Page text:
Living in Rome
This weekend, Danish-Argentinian artist couple, Thyra Hilden and Pio Diaz vistually set the colosseum on fire, with their new video installation, part of their” city on fire” art work series.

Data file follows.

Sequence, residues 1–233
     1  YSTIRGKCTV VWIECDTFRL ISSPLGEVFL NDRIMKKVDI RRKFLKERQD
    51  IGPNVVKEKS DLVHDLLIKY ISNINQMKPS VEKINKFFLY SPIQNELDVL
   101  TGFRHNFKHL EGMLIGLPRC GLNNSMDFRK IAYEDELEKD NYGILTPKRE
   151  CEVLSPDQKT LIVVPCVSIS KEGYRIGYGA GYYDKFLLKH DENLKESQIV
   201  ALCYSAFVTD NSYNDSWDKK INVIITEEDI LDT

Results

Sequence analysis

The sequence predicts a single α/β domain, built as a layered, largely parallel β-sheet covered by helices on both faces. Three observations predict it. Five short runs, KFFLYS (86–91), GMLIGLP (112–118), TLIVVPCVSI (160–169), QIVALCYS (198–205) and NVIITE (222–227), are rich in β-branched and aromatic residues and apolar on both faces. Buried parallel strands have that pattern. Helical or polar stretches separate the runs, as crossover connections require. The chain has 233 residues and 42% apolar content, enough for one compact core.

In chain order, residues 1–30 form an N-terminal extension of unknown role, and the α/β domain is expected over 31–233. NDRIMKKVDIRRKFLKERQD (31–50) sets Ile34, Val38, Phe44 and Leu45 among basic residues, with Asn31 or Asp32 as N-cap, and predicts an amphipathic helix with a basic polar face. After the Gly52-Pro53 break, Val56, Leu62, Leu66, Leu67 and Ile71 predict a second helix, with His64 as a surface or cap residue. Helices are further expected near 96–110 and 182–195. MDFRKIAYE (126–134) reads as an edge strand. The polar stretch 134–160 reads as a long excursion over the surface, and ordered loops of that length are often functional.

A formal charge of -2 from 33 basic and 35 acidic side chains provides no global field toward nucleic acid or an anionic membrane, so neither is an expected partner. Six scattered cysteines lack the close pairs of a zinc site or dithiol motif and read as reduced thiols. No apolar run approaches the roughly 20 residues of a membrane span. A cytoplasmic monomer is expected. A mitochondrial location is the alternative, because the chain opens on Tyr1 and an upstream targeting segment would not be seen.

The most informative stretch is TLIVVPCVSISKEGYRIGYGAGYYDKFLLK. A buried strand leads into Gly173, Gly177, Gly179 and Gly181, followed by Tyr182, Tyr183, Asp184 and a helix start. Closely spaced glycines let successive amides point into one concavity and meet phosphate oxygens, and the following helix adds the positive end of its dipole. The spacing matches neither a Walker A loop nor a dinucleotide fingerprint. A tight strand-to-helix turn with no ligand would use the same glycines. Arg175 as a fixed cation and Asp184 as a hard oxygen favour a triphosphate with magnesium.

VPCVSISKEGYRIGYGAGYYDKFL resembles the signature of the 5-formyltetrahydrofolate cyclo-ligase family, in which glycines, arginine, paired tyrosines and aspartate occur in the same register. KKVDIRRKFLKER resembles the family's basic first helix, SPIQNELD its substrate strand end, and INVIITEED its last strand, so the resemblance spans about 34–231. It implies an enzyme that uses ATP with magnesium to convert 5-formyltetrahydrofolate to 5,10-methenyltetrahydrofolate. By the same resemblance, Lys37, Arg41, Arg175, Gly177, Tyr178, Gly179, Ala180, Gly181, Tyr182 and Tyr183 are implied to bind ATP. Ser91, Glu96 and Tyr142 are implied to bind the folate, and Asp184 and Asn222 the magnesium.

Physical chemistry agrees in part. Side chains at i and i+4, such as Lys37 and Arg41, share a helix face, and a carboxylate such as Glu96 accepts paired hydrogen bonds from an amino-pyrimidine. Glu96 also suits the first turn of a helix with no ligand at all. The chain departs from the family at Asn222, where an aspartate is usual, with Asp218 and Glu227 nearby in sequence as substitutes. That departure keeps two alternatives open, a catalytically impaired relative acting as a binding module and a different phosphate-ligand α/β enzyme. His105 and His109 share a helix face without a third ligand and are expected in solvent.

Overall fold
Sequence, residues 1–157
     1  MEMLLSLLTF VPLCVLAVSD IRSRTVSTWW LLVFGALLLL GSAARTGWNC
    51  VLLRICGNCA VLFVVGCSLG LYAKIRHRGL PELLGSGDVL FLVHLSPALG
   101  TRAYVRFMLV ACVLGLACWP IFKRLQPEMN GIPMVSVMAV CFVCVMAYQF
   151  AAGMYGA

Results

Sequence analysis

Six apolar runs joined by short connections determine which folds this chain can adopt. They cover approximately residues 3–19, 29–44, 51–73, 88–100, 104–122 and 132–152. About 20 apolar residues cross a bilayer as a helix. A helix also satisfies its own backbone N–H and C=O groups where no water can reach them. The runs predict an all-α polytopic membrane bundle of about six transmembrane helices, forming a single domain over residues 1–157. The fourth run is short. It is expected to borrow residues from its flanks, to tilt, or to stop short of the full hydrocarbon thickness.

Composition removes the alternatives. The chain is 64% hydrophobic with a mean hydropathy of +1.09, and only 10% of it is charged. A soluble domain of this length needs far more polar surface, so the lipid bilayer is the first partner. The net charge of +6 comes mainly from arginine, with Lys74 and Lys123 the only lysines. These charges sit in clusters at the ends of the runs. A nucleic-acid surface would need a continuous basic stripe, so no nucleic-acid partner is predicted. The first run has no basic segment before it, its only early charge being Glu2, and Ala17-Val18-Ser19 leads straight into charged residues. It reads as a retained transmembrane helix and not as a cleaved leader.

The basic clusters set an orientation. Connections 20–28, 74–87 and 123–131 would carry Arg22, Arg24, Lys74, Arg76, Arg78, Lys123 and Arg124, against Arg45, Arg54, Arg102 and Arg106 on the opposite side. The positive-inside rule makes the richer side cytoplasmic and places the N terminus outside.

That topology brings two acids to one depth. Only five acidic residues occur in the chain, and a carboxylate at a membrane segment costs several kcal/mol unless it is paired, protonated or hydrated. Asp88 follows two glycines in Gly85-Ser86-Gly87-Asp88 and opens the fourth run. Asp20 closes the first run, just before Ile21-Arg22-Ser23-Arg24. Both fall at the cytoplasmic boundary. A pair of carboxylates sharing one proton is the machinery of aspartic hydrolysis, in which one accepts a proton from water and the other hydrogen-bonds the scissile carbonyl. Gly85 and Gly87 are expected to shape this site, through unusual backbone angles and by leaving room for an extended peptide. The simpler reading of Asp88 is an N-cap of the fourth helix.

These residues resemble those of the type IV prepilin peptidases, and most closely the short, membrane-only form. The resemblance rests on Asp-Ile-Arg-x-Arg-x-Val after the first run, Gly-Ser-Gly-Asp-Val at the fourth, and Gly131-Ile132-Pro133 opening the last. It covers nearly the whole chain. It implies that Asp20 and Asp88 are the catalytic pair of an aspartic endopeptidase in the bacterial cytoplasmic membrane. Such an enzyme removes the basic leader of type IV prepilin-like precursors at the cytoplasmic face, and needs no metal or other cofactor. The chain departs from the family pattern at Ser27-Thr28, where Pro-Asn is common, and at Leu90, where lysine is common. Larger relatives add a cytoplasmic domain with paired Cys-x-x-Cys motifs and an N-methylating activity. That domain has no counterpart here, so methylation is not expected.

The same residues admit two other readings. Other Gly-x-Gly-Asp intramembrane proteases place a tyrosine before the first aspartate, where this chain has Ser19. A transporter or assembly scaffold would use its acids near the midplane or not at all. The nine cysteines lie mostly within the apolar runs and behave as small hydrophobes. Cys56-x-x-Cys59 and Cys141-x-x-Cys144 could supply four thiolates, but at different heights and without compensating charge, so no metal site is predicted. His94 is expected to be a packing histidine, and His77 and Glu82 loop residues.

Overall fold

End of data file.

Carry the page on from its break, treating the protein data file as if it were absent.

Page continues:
Video images of fire were shown on screens put up inside the arches facing the via dei fori imperiali, to create the effect of the Colosseum burning. Inside the amphitheater, a massive floating light bulb was projecting light from behind the screens. The resulting effect was very interesting, not so much because of the illusion of fire, but more for the special atmosphere it created around the Colosseum. Just like two thousand years ago, Romans came on purpose to the Colosseum to see a show. No longer was it an open museum piece, but it became alive again as a venue. People were relaxed, friendly and ready to waste time, because they went there to be entertained. They were laughing and chatting while looking at the giant screens. It became an experience, rather than a passive show. In some ways it reminded me of Danish artist, Olafur Eliasson’s sun created for London Tate Modern’s Turbine Hall in 2003, which unexpectedly became more than a work of art to be seen. At the time, some commentators described it almost as a new place of worship, where the public bonded while sitting on the floor, meditating in front of the artificial indoor sun. Technically, the images on the old Flavian amphitheatre were reminiscent of videos by American artist Bill Viola, who has worked a lot around the elements, fire and water in particular. The atmosphere however was very unique to that one installation.